The International Treaty Council, of which the Pascua Yaqui Nation is a member, is a worldwide organization of indigenous people that works to protect indigenous human rights, cultures and sacred lands.

Westerman, a singer and actor who played the role of Ten Bears in the 1990 film ”Dances With Wolves,” is donating his time to the Yoemem Tekia Foundation’s benefit, Carmen said.

Like Westerman, Trudell, is an activist and musician. A native of the Santee Sioux Reservation near Omaha, Neb., Trudell gained national attention for the 1969 Indians of All Tribes occupation of Alcatraz.

He served as national chairman of the American Indian Movement from 1973 to 1979, a period in American Indian history that included the siege of Pine Ridge, S.D., and the occupation of Wounded Knee.

Trudell is scheduled to speak on contemporary American Indian issues.

A similar benefit for the foundation last year raised $3,000, Carmen said.


Here are some facts about the Pascua Yaqui Tribe, one of 21 federally recognized tribes in the state:

• History: The tribe dates back to the early 1900s, when hundreds of Yaquis fled persecution in Mexico. Congress granted federal recognition to the Pascua Yaqui Tribe of Arizona in 1978.

• Reservation: New Pascua Pueblo, the tribe’s only Arizona reservation, covers slightly more than a square mile seven miles southwest of downtown Tucson. About 700 people live there.

• Enrollment: The Arizona tribe includes about 10,500 members, most of whom live in communities near Tucson and Phoenix.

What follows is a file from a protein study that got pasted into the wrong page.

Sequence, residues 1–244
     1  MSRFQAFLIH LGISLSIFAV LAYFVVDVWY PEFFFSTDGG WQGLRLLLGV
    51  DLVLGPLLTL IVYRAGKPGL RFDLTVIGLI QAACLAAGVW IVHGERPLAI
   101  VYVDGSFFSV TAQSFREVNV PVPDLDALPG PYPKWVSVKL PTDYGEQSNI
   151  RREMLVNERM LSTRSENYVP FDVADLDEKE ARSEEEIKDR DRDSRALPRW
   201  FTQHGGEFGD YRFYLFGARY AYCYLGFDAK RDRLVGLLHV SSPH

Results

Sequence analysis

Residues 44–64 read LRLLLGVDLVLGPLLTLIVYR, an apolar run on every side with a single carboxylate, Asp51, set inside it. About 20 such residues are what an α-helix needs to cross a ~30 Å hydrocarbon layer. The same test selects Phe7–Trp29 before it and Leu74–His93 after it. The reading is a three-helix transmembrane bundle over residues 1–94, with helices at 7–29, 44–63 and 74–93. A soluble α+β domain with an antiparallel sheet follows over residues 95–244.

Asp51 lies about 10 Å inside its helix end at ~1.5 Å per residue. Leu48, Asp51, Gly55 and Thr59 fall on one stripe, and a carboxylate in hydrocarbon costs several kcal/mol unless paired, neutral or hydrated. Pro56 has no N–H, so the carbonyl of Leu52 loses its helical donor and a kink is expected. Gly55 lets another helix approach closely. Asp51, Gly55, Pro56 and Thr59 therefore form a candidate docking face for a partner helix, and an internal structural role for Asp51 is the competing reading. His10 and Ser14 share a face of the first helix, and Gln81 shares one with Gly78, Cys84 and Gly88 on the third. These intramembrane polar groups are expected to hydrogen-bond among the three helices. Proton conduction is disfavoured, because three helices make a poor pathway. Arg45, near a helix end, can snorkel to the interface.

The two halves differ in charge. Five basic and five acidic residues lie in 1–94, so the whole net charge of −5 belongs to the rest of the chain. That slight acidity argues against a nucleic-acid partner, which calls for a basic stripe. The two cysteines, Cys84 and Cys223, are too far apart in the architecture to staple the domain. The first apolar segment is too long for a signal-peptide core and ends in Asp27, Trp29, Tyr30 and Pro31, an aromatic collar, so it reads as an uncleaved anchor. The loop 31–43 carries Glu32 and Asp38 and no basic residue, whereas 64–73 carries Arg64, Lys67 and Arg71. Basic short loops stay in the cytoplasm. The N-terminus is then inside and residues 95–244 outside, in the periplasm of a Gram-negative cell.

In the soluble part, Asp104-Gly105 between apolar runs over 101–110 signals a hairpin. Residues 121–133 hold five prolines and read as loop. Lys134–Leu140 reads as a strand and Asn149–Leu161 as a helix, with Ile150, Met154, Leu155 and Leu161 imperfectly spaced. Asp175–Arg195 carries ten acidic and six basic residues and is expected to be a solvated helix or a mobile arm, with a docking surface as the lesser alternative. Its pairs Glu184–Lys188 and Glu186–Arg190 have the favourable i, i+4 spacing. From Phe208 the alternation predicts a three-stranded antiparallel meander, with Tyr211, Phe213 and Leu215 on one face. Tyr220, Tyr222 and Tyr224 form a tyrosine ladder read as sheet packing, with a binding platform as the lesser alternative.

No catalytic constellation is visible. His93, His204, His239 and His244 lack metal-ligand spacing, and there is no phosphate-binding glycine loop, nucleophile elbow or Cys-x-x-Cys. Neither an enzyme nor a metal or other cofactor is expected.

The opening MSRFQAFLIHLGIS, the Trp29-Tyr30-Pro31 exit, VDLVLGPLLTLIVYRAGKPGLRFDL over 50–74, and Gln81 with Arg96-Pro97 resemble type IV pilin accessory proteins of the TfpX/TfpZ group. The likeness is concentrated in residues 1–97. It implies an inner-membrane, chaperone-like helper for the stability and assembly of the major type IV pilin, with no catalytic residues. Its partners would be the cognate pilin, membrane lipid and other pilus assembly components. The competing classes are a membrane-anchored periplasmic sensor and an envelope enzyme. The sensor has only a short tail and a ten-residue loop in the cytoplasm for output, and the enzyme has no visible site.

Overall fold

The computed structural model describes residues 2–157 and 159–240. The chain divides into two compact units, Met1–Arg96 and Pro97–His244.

• Communities: They include Old Pascua Village on 40 acres west of Interstate 10 and south of Grant Road in Tucson; Barrio Libre in South Tucson; and Guadalupe near Phoenix.

• Preservation: The non-profit Yoemem Tekia Foundation is dedicated to the preservation and perpetuation of Yaqui culture. To contact the group, write or call: 7631 S. Camino Tetaviecti, Tucson 85746; 883-7565.


The Yoemem Tekia Foundation’s benefit fund-raiser will begin at 7 p.m. Friday in the Berger Performing Arts Center, 1200 W. Speedway Blvd., at the Arizona School for the Deaf and the Blind.

Scheduled performers include singer and activist Floyd Red Crow Westerman, American Indian Movement activist John Trudell, and Semalulukut Drum, an all-female Pascua Yaqui group.

Tickets are $10 in advance or $12 at the door and are available at Rainbow Moods, 3532 E. Grant Road; Antigone Books, 411 N. Fourth Ave.; Bahti Indian Arts, 4300 N. Campbell Ave.; Ana’s Music in Southwest Supermarket at 12th Avenue and Valencia Road; and UA’s American Indian Graduate Center, 1610 E. Seventh St. For more information, call 883-7565.


Isabel Valencia finishes a decorative Valentine’s Day mailbox at the Yaqui elder center in New Pascua. She lived in Eloy before moving here.

Ignacia M. Yucopicio, 66, makes paper flowers at the center. She teaches the art to her grandchildren and to students in nearby schools. The flowers are used for fiestas and church services in the Yaqui community and are sold at art exhibits.

Antonia Leon, 75, tries to hide a smile as she remembers her childhood where Davis-Monthan Air Force Base now stands. Without television and other electronics, she spent most of her time after school playing ball and jumping rope. The tribe wants to record the history of its elders, such as Leon.